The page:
Naturally, we are all, every one of us, good and sober citizens who recognize the consumerist folly of giving holiday presents. The nonnecessity of it all. The silly little ritual of purchase, concealment, adornment, and surprise. The cutthroat, sub-rosa competition of who will out-gift whom, whether by money spent (the amateur’s yardstick) or by delight inspired (the true measure of a gift). Then again, the pointlessness is part of the point. I could give you this lovely little thing any day of the year, sure, but why not have it come wrapped (in all senses) in the holidays? This year, as in all years, I urge you to give gifts that are either tremendously beautiful, tremendously useful, or tremendously absurd—anything less is a missed opportunity. You’ll find gift ideas here for people who cook or eat—which is to say, gift ideas for everyone. Consider, too, a present both personal and local: your favorite cafés, bars, and restaurants almost certainly have coffee mugs, T-shirts, tote bags, and bottles of signature sauce for sale, and nothing wins Christmas morning like reminding friends and loved ones of good times past, and good times to come.
Tools That Work Better, or at Least Look Better
When it comes to giving someone a functional gift, the rule is that it must either perform its function in a new and glorious way—not just a butter knife but a butter knife whose edge is perforated with tiny apertures that turn even the hardest brick of the stuff into soft, spreadable ribbons ($24)—or it needs to bring form to the table in a major way—not just a butter knife but a hand-formed, milky-glazed ceramic butter knife made in Japan by the artist Sumiko Dougami ($14). Not just an angled spatula-spoon hybrid but an angled spatula-spoon hybrid made of cherrywood that glows like sunlit honey ($14), made by West Virginia’s Allegheny Treenware—and, charmingly, available in versions for both right- and left-handed cooks. Not just a rice mold but a rice mold shaped like an otter ($17), who floats peacefully in your bowl of curry or soup while holding his favorite shell. Not just another bowl, set of napkins, saltshaker, or coffee pot but a rainbow-splattered enamelware bowl ($26) made by artisans in Turkey; wavy-lined napkins block-printed in Rajasthan, India ($96 for six); minimalist salt-and-pepper pots hewn in Dublin from Irish beech ($51.16); a French press made of amber borosilicate glass ($85) that doubles as a time machine to the nineteen-seventies.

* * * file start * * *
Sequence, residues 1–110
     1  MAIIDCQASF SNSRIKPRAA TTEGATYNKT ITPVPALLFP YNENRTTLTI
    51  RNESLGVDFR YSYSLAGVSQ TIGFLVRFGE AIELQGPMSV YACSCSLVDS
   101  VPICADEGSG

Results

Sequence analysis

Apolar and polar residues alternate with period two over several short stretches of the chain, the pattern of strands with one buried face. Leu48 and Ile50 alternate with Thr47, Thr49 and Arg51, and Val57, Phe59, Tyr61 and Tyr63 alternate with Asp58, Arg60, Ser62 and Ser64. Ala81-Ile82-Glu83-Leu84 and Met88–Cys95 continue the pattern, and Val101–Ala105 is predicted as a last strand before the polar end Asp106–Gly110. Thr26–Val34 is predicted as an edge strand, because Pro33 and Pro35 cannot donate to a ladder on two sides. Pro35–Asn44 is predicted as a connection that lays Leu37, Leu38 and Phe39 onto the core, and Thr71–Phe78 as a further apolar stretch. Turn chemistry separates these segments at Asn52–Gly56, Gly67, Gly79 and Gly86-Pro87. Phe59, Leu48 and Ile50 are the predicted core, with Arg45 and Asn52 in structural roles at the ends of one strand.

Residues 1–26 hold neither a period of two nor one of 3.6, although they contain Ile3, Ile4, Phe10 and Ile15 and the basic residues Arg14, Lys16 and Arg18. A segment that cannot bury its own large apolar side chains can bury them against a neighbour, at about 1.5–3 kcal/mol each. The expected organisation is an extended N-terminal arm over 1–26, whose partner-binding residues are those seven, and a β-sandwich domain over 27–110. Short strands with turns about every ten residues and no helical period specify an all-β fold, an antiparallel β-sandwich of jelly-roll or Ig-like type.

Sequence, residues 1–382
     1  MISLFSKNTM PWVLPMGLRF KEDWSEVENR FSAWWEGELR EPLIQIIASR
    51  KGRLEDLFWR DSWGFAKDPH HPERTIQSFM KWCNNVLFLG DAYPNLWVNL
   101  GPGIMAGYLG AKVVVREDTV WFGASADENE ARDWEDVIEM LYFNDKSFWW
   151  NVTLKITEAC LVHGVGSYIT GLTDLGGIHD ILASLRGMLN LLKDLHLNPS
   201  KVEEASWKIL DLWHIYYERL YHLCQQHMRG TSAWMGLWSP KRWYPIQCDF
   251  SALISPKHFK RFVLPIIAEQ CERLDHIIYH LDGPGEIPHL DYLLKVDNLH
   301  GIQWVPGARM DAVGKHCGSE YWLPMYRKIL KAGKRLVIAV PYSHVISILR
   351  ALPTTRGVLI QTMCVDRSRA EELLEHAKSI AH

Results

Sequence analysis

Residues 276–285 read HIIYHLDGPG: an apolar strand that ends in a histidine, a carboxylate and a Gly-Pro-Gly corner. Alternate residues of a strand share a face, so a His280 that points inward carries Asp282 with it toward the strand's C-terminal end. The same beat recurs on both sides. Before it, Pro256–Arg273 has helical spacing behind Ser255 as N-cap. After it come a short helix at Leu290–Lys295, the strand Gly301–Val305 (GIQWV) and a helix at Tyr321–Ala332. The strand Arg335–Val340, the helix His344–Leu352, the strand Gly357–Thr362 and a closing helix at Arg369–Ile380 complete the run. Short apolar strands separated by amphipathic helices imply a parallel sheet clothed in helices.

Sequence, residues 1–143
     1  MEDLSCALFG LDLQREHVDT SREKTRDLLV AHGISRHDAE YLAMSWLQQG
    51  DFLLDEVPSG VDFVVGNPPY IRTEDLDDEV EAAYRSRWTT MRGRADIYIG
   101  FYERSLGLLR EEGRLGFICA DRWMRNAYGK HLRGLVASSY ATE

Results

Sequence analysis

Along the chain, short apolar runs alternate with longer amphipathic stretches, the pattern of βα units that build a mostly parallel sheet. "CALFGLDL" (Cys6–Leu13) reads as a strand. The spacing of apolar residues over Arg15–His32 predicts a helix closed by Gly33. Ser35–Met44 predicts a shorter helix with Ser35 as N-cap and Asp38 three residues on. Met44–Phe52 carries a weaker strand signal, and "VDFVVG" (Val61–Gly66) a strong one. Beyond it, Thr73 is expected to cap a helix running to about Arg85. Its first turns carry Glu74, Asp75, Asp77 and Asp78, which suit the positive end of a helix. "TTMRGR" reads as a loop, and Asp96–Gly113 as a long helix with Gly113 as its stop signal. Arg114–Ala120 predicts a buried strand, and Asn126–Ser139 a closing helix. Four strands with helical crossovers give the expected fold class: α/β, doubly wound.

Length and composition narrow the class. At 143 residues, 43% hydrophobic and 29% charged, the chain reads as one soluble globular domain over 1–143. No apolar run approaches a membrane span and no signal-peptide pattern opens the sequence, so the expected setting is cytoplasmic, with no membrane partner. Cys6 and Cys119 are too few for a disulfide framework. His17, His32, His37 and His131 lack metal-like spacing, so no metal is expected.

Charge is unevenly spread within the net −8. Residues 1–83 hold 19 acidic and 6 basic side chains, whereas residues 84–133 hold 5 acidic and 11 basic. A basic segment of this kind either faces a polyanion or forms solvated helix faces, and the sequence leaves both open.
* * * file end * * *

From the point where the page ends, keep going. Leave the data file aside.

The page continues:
Mastery Over Mushrooms
Perhaps no earthly organism is more fascinating or more horrifying than the mushroom, a living thing whose mode of life—invisible spores! Mysterious underground mycelial networks!—somehow eludes the grasp of our feeble human minds. This year, let us embrace that which we cannot understand, with a mushroom-growing set that brings the exquisite strangeness of the fungal world into our lives and, hopefully, makes for a nice little meal as well. Forget the supermarket staples in the more conventional grow-your-own kits and go for something a bit more special, like a setup for growing cloudlike lion’s mane ($27.99), pearly peach-pink oyster mushrooms ($19.99), or spindly, tentacular reishi ($25.99). Or, if you’ve got a bit of outdoor space and you believe in miracles, a back-yard morel-growing kit ($42.95, plus a willingness to wait two or more years before deciding if it’s a scam). If you worry that a lump of spore-inoculated dirt is not the most thrilling thing to discover within a gift box, supplement the growing kit with a set of uncannily lifelike French resin-mushroom knife rests ($90 for a set of six), Ibaba Rwanda’s delicate shroom-embroidered linen napkins ($295 for four), or a quite lovely foot-tall iron mushroom ($52) of no discernible purpose beyond the aesthetic.
A Board Game That’s Also a Snack
Fill Food52’s backgammon charcuterie board ($128) with fifteen pieces each of, say, aged Gouda and saucisson sec; or white versus orange Cheddar; or boudin blanc versus boudin noir; or prosciutto rosettes, toothpick-pinned for sturdiness, versus Ritz crackers with bits of pâté on them. Nibble your pieces while your opponent’s attention is elsewhere—subtle cheating and a snack, all at once!
A Popcorn Palace